WorkEdit

Finkielkraut studied modern literature at the École normale supérieure de Saint-Cloud. Broadly speaking, his ideas may be described as being in the same vein as those of Emmanuel Levinas and Hannah Arendt, a filiation he has repeatedly pointed out.

Finkielkraut first came to public attention when he and Pascal Bruckner co-authored a number of short but controversial essays intended to question the idea that a new emancipation was underway; these included The New Love Disorder (1977) (Le Nouveau Désordre amoureux) and At the Corner of the Street (1978) (Au Coin de la rue), as well as The Adventure (1979) (L'aventure). Finkielkraut then began publishing singly authored works on the public's betrayal of memory and our intransigence in the presence of events that, he argued, should move the public. This reflection led Finkielkraut to address post-Holocaust Jewish identity in Europe (The Imaginary Jew) (1983) (le Juif imaginaire). Seeking to promote what he calls a duty of memory, Finkielkraut also published The Future of a Negation: Reflexion on the Genocide Issue (1982) (Avenir d'une négation : réflexion sur la question du génocide) and later his comments on the Klaus Barbie trial, Remembering in Vain (La Mémoire vaine).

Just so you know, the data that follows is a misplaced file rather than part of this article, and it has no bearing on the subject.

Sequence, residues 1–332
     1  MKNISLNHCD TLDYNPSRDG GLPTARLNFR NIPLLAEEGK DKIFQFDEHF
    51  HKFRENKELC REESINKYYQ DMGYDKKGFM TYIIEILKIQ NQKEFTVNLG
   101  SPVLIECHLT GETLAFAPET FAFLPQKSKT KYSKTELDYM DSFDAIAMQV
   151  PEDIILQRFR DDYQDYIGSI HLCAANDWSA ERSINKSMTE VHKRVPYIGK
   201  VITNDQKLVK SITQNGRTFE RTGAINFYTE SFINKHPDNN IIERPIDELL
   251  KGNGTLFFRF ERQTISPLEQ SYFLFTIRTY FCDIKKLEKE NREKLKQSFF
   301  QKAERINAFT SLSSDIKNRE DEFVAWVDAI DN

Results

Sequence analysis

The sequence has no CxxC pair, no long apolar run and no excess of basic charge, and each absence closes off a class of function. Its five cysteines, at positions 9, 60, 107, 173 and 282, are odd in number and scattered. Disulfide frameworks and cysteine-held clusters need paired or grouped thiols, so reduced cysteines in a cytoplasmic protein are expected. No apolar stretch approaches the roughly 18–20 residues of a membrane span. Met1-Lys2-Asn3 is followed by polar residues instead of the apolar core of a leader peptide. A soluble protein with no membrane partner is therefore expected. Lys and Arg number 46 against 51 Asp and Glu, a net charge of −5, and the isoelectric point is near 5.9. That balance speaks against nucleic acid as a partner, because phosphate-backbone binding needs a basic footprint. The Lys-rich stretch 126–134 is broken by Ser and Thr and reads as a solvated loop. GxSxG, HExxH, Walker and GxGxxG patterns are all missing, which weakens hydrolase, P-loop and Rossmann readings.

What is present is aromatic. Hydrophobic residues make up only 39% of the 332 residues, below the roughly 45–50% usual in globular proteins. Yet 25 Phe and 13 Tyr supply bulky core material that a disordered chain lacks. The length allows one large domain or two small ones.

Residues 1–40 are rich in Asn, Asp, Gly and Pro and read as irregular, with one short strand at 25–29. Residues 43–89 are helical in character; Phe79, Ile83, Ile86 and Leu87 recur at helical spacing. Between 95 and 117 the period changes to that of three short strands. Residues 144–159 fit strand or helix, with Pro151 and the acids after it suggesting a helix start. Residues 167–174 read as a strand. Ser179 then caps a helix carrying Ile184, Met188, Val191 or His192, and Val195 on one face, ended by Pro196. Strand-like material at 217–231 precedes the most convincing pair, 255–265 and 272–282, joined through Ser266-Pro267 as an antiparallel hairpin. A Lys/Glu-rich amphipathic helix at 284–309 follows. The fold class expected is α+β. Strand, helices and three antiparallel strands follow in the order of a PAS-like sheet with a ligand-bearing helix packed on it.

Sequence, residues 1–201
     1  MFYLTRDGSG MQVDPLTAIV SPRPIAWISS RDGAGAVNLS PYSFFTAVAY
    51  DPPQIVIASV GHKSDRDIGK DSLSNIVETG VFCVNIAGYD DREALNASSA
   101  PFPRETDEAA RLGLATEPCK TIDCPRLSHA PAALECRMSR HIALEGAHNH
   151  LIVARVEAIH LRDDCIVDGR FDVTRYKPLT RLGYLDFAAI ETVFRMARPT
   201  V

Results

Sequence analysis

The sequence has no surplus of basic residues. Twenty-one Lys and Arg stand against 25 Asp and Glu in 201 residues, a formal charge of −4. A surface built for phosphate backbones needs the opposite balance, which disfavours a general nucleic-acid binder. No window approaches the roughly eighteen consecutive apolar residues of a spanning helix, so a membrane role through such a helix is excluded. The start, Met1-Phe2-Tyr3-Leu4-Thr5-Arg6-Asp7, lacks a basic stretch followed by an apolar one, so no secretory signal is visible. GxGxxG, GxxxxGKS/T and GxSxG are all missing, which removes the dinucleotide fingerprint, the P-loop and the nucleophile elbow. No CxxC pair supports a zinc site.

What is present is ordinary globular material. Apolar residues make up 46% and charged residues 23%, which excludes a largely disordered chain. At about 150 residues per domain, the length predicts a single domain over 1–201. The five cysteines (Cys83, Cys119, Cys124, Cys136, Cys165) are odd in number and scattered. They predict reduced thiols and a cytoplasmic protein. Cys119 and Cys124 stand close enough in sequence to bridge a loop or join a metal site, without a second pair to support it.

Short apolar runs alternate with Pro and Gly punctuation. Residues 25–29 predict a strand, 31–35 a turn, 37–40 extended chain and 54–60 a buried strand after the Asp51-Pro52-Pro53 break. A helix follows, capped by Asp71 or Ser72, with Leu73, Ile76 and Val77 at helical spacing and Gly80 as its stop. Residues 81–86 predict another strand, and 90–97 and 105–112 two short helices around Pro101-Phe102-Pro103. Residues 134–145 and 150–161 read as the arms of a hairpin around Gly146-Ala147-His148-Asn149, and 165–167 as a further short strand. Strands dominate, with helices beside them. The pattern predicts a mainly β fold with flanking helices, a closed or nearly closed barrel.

Finkielkraut feels particularly indebted to Emmanuel Levinas. In The Wisdom of Love (La Sagesse de l'amour), Finkielkraut discusses this debt in terms of modernity and its mirages. Finkielkraut continues his reflection on the matter in The Defeat of the Mind (1987) (La Défaite de la pensée) and The Ingratitude: Talks About Our Times (1999) (Ingratitude : conversation sur notre temps).

At the end of the 1990s, he founded with Benny Lévy and Bernard-Henri Lévy an Institute on Levinassian Studies [fr] at Jerusalem.

Essayist on societyEdit